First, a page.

What is a certificate authority?


Certificate authorities (CA) are trusted parties that provide parties to secure communication with digital certificates.  Secure Socket Layer protocol (SSL) requires the use of certificate authorities who ensure authenticity of the communicating parties and provide them with encryption keys for secure communication.  Currently there are only a few CAs and the most commonly used is Verisign.


There are three strategies for procuring services of CAs:



CAs have hierarchical infrastructure:


Some of the short comings of CAs are:


Consumer generates his key pair and sends the public key to the CA along with some required credentials.  CA checks the identity of the applicant and ensures that the request has actually come from the applicant and that public key of the applicant has not been modified in transit either accidentally or maliciously.  The certificate that is issued certifies the binding between the applicant and his public key.  It also includes the hierarchy of certificates that verify the public key of the CA or it includes the CA's public key.  It is the legitimacy of his public key that the consumer demonstrates by presenting the hierarchy of certificates along with his public key to the merchant.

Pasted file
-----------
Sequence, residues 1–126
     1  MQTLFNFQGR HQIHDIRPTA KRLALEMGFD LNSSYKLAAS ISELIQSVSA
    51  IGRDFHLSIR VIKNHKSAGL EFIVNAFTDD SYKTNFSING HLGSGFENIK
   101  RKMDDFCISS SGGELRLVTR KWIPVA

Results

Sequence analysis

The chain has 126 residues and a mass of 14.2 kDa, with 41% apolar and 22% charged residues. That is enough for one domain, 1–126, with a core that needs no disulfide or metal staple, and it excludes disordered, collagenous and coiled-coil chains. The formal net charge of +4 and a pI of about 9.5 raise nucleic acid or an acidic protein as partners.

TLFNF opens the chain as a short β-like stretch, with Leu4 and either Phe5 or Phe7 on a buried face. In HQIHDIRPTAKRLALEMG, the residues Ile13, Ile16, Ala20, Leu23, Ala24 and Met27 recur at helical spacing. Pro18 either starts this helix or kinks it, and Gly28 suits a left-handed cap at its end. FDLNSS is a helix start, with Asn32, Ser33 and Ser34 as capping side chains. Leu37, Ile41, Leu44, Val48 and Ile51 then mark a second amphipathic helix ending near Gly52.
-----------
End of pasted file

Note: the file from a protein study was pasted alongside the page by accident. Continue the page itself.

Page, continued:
Which certificate authorities does your IE browser trust?  Can you remove one from the list of trusted ones?  What are the implications If you do remove them?





Cross certification is used frequently and is important as an enabler of commercial transactions.  What is cross certification? How does it help?





As students, do you see a part for the university to potentially play as CA to issue you with digital certificates? Discuss.